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As swiftly answering their command,
As tunes obey the artful hand.
And whilst I do thus discover
Th’ ingredients of a happy lover,
'T is, my Anacreon! for thy sake
I of the grape no mention make.
Till my Anacreon by thee fell,
Cursed plant 1 I lov'd thee well;
And 't was oft my wanton use
To dip my arrows in thy juice.
Cursed plant l’t is true, I see,
Th' old report that goes of thee—
That, with giants' blood the earth
Stain’d and poison'd, gave thee birth;
And now thou wreak'st thy ancient spite
On men in whom the gods delight.
Thy patron Bacchus, ’t is no wonder,
Was brought forth in flames and thunder;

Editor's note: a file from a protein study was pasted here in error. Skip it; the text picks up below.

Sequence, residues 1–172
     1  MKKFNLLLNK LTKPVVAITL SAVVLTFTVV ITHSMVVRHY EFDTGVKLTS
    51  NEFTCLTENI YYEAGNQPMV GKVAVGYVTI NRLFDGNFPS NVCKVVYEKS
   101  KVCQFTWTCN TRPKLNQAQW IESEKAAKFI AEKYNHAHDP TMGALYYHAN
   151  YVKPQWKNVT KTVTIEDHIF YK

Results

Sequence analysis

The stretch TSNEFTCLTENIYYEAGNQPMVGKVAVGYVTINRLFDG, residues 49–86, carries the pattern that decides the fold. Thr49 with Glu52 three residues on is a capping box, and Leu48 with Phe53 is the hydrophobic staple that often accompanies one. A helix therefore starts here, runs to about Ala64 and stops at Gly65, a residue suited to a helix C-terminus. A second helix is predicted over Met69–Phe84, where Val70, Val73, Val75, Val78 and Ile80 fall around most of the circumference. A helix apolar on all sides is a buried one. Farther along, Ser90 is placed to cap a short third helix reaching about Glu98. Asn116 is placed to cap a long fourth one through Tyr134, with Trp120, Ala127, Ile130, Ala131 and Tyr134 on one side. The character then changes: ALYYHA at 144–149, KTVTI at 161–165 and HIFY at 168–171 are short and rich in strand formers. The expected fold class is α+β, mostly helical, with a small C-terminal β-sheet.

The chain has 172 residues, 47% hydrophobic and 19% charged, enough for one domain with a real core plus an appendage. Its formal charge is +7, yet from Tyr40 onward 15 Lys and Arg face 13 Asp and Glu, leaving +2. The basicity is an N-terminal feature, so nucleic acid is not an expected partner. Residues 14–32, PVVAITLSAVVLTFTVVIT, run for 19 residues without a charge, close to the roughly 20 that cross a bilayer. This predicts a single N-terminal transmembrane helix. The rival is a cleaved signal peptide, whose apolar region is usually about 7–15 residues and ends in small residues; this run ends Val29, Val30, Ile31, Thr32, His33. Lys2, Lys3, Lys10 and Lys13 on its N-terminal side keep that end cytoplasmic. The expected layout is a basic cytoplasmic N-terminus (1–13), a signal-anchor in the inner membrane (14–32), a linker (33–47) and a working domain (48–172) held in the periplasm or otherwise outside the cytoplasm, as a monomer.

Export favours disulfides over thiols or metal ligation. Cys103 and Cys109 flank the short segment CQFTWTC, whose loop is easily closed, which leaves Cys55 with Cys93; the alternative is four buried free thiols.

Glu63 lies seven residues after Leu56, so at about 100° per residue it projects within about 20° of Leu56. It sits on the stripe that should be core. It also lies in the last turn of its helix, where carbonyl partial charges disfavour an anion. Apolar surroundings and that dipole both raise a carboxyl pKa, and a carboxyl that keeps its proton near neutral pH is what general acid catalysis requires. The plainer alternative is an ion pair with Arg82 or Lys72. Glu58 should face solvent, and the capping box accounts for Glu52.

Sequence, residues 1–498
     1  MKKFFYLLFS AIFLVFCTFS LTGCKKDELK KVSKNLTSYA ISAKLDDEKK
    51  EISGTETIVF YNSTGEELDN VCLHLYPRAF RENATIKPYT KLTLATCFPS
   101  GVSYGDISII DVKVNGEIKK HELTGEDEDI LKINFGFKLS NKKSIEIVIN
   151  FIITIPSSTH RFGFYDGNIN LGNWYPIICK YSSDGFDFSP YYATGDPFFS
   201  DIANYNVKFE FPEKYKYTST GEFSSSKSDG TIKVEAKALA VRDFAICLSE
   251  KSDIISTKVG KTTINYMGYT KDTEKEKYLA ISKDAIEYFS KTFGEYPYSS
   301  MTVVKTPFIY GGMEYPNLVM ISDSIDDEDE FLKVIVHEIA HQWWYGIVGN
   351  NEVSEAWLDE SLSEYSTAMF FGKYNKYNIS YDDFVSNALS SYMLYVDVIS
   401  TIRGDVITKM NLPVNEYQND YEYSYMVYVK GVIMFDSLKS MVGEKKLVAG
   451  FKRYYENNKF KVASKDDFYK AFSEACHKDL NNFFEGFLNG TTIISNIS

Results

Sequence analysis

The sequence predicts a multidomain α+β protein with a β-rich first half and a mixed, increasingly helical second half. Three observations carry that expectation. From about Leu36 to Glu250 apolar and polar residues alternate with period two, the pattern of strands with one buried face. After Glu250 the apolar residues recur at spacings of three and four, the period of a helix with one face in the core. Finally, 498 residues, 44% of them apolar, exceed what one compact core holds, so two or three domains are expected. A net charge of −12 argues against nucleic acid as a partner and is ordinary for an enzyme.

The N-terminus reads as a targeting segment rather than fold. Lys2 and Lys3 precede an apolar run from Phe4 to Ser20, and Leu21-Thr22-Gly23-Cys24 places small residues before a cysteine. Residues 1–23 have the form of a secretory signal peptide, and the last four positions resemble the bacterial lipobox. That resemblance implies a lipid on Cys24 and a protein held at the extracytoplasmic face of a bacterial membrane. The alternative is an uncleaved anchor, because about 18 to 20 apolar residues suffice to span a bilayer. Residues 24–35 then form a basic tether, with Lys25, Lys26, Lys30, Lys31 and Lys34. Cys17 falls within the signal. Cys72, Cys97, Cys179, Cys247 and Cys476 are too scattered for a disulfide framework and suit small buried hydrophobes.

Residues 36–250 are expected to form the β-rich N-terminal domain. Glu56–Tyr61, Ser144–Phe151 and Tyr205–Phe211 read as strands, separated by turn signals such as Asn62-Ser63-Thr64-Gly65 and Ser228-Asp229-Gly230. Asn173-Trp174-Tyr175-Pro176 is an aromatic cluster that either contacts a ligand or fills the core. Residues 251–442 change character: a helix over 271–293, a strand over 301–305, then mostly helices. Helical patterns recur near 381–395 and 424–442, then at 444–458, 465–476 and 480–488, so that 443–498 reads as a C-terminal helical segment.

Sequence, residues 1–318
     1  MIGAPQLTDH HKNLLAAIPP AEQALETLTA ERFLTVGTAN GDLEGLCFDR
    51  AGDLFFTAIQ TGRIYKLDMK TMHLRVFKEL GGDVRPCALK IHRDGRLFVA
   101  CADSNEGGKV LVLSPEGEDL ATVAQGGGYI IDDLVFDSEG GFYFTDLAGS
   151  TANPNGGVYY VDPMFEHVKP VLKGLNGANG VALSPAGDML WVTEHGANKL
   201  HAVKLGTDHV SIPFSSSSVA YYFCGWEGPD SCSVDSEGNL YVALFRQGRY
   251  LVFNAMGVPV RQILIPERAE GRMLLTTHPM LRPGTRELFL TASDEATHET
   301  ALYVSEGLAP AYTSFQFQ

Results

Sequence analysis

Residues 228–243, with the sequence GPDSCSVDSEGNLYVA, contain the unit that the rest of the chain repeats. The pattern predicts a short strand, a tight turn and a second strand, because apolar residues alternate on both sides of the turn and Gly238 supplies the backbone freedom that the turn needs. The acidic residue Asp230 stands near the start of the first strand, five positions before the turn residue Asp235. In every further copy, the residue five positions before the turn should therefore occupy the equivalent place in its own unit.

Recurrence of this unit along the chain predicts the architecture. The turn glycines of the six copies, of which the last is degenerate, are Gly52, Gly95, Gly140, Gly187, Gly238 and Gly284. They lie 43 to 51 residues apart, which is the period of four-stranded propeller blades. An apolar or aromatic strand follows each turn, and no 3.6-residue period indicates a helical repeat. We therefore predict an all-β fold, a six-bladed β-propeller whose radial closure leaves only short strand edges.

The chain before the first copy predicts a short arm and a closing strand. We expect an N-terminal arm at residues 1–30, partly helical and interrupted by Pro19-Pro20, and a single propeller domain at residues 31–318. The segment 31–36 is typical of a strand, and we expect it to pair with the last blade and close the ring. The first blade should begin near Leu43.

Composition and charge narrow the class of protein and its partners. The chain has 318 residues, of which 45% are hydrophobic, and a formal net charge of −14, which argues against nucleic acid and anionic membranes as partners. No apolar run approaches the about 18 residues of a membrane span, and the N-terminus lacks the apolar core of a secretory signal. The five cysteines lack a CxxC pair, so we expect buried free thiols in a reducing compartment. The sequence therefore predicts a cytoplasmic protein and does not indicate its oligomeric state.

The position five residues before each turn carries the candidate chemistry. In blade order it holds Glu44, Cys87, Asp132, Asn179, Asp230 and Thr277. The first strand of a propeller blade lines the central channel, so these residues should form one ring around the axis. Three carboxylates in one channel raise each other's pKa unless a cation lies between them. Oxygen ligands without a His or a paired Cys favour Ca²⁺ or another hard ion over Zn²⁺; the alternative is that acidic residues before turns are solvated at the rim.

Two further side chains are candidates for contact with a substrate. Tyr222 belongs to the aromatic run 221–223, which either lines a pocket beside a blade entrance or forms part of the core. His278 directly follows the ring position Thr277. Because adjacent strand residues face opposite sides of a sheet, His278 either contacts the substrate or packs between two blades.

In rage, in quarrels, and in fights,
Worse than his tigers, he delights;
In all our heaven I think there be
No such ill-natur'd God as he.
Thou pretendest, traiterous Wine !
To be the Muses’ friend and mine:
With love and wit thou dost begin,
False fires, alas ! to draw us in ;
Which, if our course we by them keep,
Misguide to madness or to sleep:
Sleep were well; thou’ast learnt a way
To death itself now to betray.

It grieves me when I see what fate Does on the best of mankind wait. Poets or lovers let them be, "T is neither love nor poesy Can arm, against death's smallest dart, The poet's head or lover's heart; But when their life, in its decline, Touches th’ inevitable line, All the world's mortal to them then, And wine is aconite to men; Nay, in death's hand, the grape-stone proves As strong as thunder is in Jove's.




WOL. Is s

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